Optimized parsimony analysis takes into consideration a wide variety of tests, assumptions, taxa lists, character definitions, etc. for the same set of data and determines the most parsimonious interpretation of the evolution of particular characteristics. Some of the tests performed by Sokoloff et al. were ambiguous about the nature of the ancestors, but overall they suggested that syncarpous flowers were present first in the monocots. Quite possibly, the basal position of syncarpous Acorus tilted the final results in this favor, raising again the questions I raised in my previous post.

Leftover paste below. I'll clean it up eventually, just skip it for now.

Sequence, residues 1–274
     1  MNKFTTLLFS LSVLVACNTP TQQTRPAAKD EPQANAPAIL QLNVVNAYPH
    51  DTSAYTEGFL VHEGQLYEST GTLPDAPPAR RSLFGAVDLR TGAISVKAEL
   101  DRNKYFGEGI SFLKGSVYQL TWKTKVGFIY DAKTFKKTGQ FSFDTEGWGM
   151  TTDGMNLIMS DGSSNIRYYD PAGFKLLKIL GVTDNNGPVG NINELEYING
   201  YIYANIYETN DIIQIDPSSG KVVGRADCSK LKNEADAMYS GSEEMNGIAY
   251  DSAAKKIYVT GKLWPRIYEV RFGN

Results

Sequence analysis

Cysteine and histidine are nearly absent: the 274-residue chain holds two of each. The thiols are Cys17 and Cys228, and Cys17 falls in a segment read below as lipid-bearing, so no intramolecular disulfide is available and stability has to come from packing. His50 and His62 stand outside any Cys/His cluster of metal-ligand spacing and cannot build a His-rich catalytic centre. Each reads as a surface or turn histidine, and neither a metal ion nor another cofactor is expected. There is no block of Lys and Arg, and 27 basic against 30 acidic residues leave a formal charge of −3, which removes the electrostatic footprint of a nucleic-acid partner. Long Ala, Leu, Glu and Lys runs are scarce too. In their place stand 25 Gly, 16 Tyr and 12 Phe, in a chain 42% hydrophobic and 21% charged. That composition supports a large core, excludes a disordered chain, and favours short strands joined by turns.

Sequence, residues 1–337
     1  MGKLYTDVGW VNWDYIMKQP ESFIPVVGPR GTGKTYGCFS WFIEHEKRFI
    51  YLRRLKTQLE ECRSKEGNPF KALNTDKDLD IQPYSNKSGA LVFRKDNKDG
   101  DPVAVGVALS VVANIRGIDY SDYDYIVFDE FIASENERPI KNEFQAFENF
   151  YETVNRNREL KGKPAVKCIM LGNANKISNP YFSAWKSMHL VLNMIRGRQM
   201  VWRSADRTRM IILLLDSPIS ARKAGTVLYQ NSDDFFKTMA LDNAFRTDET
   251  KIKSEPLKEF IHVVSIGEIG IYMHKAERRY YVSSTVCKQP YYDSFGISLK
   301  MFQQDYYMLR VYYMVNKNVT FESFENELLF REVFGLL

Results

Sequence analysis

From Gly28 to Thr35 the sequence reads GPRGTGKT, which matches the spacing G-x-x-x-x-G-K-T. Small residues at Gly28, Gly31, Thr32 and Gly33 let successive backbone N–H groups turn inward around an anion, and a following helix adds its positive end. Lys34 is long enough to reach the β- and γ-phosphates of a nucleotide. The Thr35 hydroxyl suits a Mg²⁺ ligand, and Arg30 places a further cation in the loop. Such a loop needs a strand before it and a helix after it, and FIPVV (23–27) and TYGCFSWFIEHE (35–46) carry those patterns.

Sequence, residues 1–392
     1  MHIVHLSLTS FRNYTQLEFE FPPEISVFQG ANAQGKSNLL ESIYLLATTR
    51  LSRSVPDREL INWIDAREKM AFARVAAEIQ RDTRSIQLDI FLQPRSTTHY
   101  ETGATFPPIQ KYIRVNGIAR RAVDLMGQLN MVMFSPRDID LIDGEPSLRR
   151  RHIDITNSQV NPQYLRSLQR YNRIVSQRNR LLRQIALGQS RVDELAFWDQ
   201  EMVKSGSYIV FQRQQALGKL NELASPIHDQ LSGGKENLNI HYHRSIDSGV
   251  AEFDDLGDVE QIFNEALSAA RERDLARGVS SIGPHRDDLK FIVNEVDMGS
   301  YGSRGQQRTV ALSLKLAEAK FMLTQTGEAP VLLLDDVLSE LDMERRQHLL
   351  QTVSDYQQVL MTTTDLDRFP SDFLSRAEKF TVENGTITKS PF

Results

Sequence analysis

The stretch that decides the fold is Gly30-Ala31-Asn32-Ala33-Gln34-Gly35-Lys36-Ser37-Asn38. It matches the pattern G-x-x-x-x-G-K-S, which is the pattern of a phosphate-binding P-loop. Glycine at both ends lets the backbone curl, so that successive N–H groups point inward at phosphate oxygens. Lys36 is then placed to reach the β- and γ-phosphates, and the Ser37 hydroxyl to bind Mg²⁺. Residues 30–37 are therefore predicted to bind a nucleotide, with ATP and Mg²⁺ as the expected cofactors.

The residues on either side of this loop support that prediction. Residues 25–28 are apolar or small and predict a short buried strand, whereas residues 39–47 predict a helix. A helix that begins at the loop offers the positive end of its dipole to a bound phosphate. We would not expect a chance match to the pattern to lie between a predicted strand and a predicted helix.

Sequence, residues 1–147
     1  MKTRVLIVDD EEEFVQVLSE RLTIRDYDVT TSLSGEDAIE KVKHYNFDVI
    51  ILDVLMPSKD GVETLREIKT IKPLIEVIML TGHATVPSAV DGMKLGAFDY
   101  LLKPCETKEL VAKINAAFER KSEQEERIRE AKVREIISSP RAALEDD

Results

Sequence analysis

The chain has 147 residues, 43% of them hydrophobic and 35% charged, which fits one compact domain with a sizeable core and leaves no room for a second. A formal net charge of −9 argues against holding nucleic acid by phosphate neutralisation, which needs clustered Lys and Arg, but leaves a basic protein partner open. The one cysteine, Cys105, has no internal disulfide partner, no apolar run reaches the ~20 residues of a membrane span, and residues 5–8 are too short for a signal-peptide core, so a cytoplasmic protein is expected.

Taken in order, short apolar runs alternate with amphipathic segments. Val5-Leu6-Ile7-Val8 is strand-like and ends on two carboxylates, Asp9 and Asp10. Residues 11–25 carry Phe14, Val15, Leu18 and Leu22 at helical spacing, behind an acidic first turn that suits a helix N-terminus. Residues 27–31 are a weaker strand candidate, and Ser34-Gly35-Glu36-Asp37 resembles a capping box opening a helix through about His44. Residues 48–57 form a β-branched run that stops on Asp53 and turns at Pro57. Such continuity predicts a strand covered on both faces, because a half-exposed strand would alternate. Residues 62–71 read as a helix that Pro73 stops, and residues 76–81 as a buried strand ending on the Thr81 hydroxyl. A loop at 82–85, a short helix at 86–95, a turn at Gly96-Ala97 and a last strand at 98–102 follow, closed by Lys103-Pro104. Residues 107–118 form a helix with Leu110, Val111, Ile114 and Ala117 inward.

So from this cladistic perspective, multiple evolution of apocarpous flowers from a syncarpous ancestor is more parsimonious than multiple origins of syncarpy from an apocarpous ancestor. But does evolution necessarily follow the most parsimonious path? In the real world, perhaps one evolutionary trend, because of its adaptive value, is more likely to occur multiple times than the opposite. So to evaluate this proposal further, we need to consider the adaptive basis for each trend. Sokoloff and colleagues in fact raised the question: “Assessing the functional and adaptive significance of evolutionary transformations is clearly important" ( p. 75). They proceed to reiterate the advantages of syncarpy, but made no suggestions as to why reversals might occur. They made another disturbing statement: "Interestingly, in the monocot order Alismatales, congenital intercarpellary fusion was first lost and then re-appeared in three independent clades according to this scenario" (p. 64). One of those reversals would include the Butomus pictured above.